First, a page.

Hong Kong Stocks Advance on Earnings, Energy ProducersEleni Himaras
Hong Kong stocks rose, with the benchmark index gaining the most in more than two weeks, on positive earnings reports and as energy producers climbed after oil prices gained on concern the U.S. may lead military action against Syria.
China Oilfield Services Ltd., a contractor for the nation’s offshore energy industry, added 3.1 percent after crude yesterday climbed to a two-year high. China Merchants Holdings International Co. surged 9.7 percent after the port operator’s profit improved. PetroChina Co. and Kunlun Energy Co. rebounded from yesterday’s plunge after PetroChina said it would ensure its subsidiary’s stability amid antigraft investigations.
The Hang Seng Index rose 0.8 percent to 21,704.78 at the close in Hong Kong, its biggest gain since Aug. 13. About five shares rose for each that fell on the 50-member gauge, which is headed for a 0.8 percent monthly drop ahead of expected cuts to U.S. stimulus. The Hang Seng China Enterprises Index today added
0.9 percent to 9,850.72.
“The market is still waiting for a lot of things to happen so this is just a technical rebound,” said Benjamin Tam, a Hong Kong-based portfolio manager at IG Investment Ltd., which oversees about $1.5 billion. “There are many more earnings announcements to come in the next couple days.”
Hong Kong’s equity benchmark retreated 4.2 percent this year, the worst performer among developed markets tracked by Bloomberg. The gauge traded at 10.4 times estimated earnings, compared with 14.8 for the Standard & Poor’s 500 Index and 13.7 on the Stoxx Europe 600 Index yesterday, according to data compiled by Bloomberg.
The Hang Seng China Enterprises Index, also known as the H-share index, dropped 19 percent from a Feb. 1 high after China’s growth slowed for two quarters. The measure traded at 1.18 times book value, compared with a five-year average of 1.77.
Futures on the S&P 500 gained 0.3 percent. The measure rebounded yesterday from an eight-week low as energy shares jumped after West Texas Intermediate crude rose to its highest since May 2011. The U.S. and the U.K. yesterday said they are prepared to strike Syria without authorization from the United Nations over the regime’s alleged use of chemical weapons against its own people.
A measure of energy companies was the biggest contributor to the Hang Seng Composite Index’s advance. China Oilfield Services added 3.1 percent to HK$19.70.
Of the 39 companies on the broader Hang Seng Composite Index that have reported earnings since July 1 and for which Bloomberg has estimates, 20 have exceeded expectations. Seventeen companies missed projections while two were in line.
China Merchants jumped 9.7 percent to HK$25.45, the steepest gain on the Hang Seng Index, after first-half net income climbed 10 percent to HK$1.94 billion ($250 million) from a year earlier.
China Mengniu Dairy Co., the country’s largest producer of milk products, jumped 6.4 percent to HK$31.75. First-half earnings rose as tie-ups with foreign producers helped reassure customers its milk was safe. Net income climbed to 749.5 million yuan from 644.7 million yuan ($122 million from $105 million) a year earlier, the dairy said in a filing to Hong Kong’s bourse yesterday.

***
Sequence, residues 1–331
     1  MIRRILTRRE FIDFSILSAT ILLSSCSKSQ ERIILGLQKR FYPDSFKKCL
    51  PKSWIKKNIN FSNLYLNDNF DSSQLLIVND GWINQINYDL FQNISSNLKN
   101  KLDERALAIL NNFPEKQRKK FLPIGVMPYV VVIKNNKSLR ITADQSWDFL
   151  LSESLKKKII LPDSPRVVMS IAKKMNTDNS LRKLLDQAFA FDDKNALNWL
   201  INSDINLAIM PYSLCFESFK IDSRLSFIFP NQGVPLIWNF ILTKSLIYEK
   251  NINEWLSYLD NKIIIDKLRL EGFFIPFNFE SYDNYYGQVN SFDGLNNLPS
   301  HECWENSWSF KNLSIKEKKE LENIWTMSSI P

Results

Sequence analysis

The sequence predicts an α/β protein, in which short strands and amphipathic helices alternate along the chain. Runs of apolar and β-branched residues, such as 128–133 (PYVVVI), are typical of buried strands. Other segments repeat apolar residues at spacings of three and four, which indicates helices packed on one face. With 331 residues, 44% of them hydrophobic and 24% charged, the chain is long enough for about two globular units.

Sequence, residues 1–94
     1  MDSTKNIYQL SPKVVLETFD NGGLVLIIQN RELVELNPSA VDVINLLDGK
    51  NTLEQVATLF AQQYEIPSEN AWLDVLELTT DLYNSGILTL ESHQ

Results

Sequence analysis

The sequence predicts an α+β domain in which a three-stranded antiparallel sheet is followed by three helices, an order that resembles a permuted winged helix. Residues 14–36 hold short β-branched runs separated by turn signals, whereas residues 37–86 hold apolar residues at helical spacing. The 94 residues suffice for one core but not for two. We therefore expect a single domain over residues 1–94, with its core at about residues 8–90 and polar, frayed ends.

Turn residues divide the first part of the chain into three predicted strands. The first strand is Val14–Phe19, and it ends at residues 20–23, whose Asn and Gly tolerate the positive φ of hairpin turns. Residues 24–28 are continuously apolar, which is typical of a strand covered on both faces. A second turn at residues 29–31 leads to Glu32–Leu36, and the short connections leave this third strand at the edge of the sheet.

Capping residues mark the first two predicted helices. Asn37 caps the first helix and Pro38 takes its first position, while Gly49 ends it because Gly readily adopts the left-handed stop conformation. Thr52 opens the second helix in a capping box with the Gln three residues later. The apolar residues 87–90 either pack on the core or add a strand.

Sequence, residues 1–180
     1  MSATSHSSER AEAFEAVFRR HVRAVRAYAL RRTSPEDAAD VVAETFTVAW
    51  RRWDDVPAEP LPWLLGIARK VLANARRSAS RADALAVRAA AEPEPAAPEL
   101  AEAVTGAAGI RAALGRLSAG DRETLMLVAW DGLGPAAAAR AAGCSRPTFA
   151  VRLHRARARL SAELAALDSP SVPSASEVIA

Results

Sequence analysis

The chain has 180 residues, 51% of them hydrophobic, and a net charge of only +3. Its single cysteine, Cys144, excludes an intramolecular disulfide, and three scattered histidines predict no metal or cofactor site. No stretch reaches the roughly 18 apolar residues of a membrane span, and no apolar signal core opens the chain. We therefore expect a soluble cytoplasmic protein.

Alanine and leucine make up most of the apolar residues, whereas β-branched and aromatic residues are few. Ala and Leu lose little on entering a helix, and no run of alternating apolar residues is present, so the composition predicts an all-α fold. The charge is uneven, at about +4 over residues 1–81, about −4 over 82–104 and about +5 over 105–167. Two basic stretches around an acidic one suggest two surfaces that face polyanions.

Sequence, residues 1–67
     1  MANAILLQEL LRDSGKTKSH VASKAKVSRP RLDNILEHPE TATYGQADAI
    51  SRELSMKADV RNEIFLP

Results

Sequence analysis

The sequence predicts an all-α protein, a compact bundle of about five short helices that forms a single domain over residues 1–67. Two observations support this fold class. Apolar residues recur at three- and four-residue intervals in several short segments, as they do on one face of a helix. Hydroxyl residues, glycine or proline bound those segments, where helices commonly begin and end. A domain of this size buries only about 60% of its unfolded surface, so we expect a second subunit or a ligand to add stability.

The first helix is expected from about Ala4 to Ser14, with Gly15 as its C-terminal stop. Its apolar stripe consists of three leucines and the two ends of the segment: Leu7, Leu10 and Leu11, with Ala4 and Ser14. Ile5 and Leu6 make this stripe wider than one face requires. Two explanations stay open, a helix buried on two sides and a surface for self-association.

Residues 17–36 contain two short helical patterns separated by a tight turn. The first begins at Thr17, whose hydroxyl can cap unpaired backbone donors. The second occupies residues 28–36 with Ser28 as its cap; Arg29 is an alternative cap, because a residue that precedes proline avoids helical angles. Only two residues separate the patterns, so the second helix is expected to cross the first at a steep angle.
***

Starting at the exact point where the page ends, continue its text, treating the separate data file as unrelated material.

Sino Land Co., a developer that derives all its earnings from Hong Kong, added 3.4 percent to HK$10.46 after full-year underlying profit rose 25 percent on property sales and rental income.
Agricultural Bank of China Ltd., the nation’s third-largest lender by market value, climbed 2.1 percent to HK$3.36. The company reported a 22 percent increase in second-quarter profit as it set aside less money for bad loans, while lending and fee income increased.
Among stocks that fell, China Rongsheng Heavy Industries Group Holdings Ltd. plunged 4.2 percent to 92 Hong Kong cents. The shipbuilder, which is seeking state aid amid a slump in vessel orders, said it’s pursuing alternative sources of funding after swinging to a 1.26 billion-yuan loss. The company recorded profit of 215.8 million yuan a year earlier.
G-Resources Group Ltd. tumbled 14 percent to 27.5 Hong Kong cents. The gold miner said it plans to raise at least HK$1.21 billion by offering two shares for every five existing. The stock also slid as gold prices fell after a five-day rally.
PetroChina and Kunlun Energy climbed after each slumped at least 4.4 percent yesterday. Shares were suspended on Aug. 27 amid a wider drive against official corruption in China. PetroChina said three senior managers, including Kunlun Chairman Li Hualin, had resigned and another was ousted. The executives were under investigation for “serious discipline violations,” according to the official Xinhua News Agency.
The shares rebounded after PetroChina said subsidiary Kunlun Energy’s business positioning will remain unchanged. PetroChina, the nation’s largest company by market value, gained
1.8 percent to HK$8.42. Its unit added 2.6 percent to HK$11.16.
Investors will be watching as a report today that may show the U.S. economy grew more last quarter than previously estimated, adding to expectations the Federal Reserve may start slowing the flow of stimulus next month. Economists surveyed by Bloomberg project gross domestic product expanded 2.2 percent, up from the earlier official forecast of 1.7 percent.
Speculation the Fed will cut bond buying has weighed on equities in recent weeks. The central bank is expected to pare asset purchases in September by $10 billion to a $75 billion monthly pace, according to economists surveyed by Bloomberg on Aug. 9-13.
Hang Seng Index futures rose 0.8 percent to 21,560. The HSI Volatility Index fell 4.7 percent to 19.76, indicating traders expect a swing of 5.7 percent on the benchmark equity gauge over the next 30 days.